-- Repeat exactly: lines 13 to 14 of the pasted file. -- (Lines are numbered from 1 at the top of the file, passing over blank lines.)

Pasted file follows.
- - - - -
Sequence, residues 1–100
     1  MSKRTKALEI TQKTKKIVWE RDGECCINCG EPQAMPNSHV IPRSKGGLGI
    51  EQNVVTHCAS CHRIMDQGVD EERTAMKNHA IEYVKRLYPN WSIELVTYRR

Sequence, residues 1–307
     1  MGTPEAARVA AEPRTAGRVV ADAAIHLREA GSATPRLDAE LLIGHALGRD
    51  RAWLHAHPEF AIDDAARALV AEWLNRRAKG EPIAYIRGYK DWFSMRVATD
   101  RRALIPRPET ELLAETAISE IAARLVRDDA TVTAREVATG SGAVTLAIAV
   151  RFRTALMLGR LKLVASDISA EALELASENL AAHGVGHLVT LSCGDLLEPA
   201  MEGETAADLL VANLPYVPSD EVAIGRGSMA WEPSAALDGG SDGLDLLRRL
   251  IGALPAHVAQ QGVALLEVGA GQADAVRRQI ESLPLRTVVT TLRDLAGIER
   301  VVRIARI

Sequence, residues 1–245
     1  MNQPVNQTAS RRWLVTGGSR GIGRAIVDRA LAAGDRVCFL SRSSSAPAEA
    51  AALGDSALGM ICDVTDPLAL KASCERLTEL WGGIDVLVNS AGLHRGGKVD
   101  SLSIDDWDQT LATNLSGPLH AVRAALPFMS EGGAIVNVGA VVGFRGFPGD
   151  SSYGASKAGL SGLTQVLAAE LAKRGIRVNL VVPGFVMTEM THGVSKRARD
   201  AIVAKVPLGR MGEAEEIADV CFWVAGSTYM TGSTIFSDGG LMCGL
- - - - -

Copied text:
     1  MNQPVNQTAS RRWLVTGGSR GIGRAIVDRA LAAGDRVCFL SRSSSAPAEA
    51  AALGDSALGM ICDVTDPLAL KASCERLTEL WGGIDVLVNS AGLHRGGKVD